Trade liberalisation: India highlights Pakistan as major beneficiary


As chances of trade normalisation with India grow grimmer until concerns of Pakistan’s agriculture sector are addressed, the Indian High Commission prepared a defence for liberalisation process with selected set of trade figures, highlighting gains so far made by Islamabad.

Following the steps taken to enhance bilateral trade, Pakistan’s exports to India between April-December 2012 grew 66% against the corresponding period of last year, according to a press release issued on Tuesday by the Indian High Commission.

It is a first of a kind move where New Delhi had used its high commission in Islamabad to play down criticism against the normalisation process that has delayed granting of the ‘Most Favoured Nation’ status to India.

In February last year while taking a giant leap, Pakistan had abolished the positive list containing only 1,956 tradable items and enforced a negative list of 1,209 untradeable items until both sides agree on absolute trade normalisation.

The handout further said that compared to 66% growth achieved by Pakistan, India’s exports to Pakistan grew only 16% in the April-December 2012 period. The figures were based on the information provided by the Directorate General of Commercial Intelligence and Statistics, Ministry of Commerce and Industry (MoCI) of the Government of India.

The impressive increase in Pakistan’s exports during the last nine months of 2012 reflected the benefits of the steps taken to enhance bilateral trade, and improvement of the trade environment, aided by the South Asian Free Trade Area (Safta) tariff reductions, according to the Indian High Commission.

In absolute terms, Pakistan’s exports to India in the period stood at $460 million, which was higher than $277 million during April-December 2011. Surprisingly, the value was also higher than Pakistan’s total exports of $401 million to India for the entire previous year, from April 2011 to March 2012, it added.

The growth of $183 million in exports to India was also higher than the more than the increase of $170 million in imports from India in the same period. The MoCI figures also indicated that the share of Pakistan’s exports in bilateral trade with India had almost doubled since 2009-10.

However, the high commission did not disclose the total volume of bilateral trade, which was heavily tilted in favour of India. The handout added that in order to address concerns of Pakistani exporters, the two countries had signed three agreements in 2012 in areas of customs cooperation, mutual recognition of standards and redressal of trade grievances.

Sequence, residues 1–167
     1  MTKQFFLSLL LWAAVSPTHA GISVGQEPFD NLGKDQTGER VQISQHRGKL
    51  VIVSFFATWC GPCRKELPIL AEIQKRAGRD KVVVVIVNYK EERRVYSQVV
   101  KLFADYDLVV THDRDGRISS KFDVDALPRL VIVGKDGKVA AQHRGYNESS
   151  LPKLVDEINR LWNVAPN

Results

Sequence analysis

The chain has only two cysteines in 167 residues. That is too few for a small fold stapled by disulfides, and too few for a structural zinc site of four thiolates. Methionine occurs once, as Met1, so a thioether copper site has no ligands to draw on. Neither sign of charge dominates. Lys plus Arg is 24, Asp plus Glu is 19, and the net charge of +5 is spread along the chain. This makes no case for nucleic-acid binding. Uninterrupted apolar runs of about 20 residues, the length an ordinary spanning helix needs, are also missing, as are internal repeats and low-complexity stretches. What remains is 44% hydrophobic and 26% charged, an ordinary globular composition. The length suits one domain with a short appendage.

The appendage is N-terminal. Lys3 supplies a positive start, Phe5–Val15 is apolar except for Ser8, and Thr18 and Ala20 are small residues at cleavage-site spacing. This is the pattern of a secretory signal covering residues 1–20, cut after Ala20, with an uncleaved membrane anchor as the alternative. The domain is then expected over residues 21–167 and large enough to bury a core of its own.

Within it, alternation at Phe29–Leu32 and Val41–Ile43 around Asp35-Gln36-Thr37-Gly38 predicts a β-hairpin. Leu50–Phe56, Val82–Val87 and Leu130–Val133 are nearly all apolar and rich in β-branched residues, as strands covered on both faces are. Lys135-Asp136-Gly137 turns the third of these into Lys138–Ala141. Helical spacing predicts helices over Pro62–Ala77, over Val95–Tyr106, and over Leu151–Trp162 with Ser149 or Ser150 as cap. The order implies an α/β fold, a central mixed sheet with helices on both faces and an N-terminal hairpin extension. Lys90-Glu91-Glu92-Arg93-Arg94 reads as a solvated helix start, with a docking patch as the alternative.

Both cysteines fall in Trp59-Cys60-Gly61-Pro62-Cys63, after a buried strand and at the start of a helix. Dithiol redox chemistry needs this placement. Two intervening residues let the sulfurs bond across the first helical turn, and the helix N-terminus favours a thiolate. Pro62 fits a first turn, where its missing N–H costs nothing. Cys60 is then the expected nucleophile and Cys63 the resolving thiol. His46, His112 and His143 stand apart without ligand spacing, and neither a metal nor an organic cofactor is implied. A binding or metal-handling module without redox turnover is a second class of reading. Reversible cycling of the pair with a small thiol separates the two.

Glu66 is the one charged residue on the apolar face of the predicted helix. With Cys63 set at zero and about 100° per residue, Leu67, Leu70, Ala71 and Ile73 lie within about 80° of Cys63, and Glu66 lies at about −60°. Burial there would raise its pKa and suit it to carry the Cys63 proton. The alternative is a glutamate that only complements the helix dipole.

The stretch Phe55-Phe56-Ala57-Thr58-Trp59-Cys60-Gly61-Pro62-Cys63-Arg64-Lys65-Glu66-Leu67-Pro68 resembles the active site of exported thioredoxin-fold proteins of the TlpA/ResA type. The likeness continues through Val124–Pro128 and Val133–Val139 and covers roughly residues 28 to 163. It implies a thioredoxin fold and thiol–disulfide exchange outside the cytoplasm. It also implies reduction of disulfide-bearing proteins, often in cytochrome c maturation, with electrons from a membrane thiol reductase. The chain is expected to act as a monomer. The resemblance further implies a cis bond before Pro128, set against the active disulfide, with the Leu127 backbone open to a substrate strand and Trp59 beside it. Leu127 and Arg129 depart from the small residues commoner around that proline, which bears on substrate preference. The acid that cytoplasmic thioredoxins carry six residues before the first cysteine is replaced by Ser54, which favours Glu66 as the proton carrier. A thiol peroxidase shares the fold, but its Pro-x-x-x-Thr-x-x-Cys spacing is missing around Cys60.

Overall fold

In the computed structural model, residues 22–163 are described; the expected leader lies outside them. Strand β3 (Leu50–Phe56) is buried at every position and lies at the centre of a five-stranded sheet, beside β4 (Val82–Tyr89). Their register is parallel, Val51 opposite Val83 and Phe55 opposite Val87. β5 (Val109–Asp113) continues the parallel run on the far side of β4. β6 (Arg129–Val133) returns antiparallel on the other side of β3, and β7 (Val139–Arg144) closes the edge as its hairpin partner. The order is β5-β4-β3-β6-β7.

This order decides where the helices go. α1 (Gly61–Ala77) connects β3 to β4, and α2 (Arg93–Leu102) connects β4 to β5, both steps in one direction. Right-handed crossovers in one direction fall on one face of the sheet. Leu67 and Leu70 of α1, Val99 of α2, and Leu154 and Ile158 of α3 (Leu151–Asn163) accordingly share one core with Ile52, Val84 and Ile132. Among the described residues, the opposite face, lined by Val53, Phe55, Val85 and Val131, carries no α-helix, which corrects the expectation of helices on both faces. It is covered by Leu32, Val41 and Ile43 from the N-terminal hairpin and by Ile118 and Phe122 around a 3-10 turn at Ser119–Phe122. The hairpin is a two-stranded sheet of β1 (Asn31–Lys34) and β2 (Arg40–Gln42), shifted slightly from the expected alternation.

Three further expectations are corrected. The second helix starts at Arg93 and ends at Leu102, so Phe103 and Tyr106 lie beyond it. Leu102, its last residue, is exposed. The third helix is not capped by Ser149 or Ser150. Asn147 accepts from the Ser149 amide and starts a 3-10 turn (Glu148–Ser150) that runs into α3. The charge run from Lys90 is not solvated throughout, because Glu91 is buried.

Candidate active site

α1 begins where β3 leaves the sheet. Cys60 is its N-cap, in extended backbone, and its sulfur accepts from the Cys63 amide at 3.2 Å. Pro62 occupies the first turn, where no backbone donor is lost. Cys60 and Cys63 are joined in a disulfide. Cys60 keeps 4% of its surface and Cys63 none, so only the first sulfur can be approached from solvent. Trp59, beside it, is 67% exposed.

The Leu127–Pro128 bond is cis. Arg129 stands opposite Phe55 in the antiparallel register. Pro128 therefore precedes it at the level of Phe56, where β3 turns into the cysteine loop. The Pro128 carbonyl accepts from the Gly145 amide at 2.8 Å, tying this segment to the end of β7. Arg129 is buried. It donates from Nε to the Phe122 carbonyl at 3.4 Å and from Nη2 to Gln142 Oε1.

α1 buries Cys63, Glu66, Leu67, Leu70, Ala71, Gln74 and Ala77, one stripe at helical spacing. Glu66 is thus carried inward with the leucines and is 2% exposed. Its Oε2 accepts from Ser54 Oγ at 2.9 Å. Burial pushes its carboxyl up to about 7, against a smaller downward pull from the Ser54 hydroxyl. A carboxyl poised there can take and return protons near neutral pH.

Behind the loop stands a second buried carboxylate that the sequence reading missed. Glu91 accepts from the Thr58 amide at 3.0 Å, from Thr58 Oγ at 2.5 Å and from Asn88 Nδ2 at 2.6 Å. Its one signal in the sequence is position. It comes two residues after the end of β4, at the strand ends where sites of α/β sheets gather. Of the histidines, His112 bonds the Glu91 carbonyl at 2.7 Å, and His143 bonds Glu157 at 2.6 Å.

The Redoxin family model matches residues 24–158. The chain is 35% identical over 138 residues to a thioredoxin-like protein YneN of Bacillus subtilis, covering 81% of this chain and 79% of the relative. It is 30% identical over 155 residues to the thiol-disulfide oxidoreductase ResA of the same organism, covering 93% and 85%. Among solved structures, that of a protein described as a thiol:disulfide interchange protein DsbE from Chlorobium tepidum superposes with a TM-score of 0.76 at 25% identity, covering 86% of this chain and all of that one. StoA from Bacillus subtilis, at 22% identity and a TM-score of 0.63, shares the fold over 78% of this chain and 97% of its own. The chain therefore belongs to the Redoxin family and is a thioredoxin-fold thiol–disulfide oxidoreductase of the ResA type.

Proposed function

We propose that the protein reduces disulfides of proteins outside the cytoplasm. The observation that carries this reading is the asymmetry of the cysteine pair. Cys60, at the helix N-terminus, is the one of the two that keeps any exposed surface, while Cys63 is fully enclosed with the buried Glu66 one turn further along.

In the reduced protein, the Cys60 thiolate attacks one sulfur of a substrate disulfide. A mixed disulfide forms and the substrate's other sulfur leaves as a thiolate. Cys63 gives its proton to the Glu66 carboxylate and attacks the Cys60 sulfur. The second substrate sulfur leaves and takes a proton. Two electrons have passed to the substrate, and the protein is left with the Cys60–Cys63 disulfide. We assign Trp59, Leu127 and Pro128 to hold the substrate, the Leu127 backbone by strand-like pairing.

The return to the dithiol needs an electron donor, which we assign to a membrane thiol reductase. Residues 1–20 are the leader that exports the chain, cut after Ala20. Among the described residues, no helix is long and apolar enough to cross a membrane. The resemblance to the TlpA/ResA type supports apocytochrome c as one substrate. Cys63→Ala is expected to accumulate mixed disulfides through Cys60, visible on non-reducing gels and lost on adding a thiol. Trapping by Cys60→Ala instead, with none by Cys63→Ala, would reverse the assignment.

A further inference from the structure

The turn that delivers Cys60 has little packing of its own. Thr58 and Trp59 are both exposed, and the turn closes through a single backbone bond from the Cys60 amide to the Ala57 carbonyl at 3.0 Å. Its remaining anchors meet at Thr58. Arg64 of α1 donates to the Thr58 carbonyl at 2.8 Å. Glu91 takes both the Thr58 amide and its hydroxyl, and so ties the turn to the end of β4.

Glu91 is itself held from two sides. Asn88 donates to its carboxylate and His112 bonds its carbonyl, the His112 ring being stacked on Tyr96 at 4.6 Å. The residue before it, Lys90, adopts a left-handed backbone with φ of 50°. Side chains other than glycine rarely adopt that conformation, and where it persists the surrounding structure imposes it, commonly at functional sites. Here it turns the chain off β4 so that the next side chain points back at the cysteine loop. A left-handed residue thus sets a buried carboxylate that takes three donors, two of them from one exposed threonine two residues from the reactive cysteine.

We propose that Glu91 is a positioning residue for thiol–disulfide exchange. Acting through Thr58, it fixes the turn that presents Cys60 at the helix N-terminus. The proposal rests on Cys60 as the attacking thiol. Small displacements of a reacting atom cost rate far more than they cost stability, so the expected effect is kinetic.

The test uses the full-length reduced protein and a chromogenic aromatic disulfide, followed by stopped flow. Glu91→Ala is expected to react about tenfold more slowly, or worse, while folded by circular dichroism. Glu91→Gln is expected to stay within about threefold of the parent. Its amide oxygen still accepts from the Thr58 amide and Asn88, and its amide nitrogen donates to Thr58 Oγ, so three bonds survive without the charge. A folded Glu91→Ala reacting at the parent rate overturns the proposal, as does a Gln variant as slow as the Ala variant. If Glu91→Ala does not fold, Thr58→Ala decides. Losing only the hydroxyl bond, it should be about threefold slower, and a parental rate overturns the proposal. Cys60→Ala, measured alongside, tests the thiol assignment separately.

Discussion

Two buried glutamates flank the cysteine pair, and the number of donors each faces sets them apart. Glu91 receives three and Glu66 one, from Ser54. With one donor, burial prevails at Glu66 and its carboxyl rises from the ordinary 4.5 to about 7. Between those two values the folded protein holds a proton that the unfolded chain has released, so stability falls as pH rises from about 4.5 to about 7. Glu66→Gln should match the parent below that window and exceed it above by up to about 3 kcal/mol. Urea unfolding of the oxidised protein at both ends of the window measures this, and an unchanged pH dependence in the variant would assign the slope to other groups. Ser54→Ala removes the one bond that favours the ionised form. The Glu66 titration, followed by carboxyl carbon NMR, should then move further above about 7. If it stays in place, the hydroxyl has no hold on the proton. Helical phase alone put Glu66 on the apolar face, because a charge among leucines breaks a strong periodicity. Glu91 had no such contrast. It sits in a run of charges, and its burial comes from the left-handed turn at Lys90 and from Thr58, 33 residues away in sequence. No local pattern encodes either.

The high commission hoped that the liberalised visa provisions pertaining to business persons will further facilitate exchanges aimed at promoting trade.

While the figures suggested short term gains achieved by Pakistan, various independent studies said that Islamabad gave too much in return for virtually nothing. According to the Institute of Public Policy (IPP) – an independent think tank – Pakistan had opened up its 82% tariff lines for Indian goods from just 27% pre-February level.

The findings showed Pakistan had given up the maximum on agriculture and as a result of the abolition of the positive list; Pakistan has already opened up 92% of its agriculture sector to the Indian goods. In comparison, India had still protected its agriculture sector by enforcing very high custom duties besides placing many products on the Safta’s sensitive list.

According to the IPP findings, there was a clear asymmetry in Pakistan and Indian agriculture sectors. India was subsidising its agriculture sector to the tune of 5% of its size of economy in comparison to just 1.2% of the gross domestic product (GDP) agriculture subsidies provided by Pakistan.

The think tank suggested the government to provide protection to the agriculture sector through the Safta platform. It sought linking import of Indian cotton with a quota by slapping 15-20% duties on Indian-based cotton once imports exceed the one million bales threshold.

The IPP also advised the government to withdraw protection given to the textile sector and offer the same to the agriculture sector.

Published in The Express Tribune


Muhammad Ramzan Rafique
Muhammad Ramzan Rafique

I am from a small town Chichawatni, Sahiwal, Punjab , Pakistan, studied from University of Agriculture Faisalabad, on my mission to explore world I am in Denmark these days..

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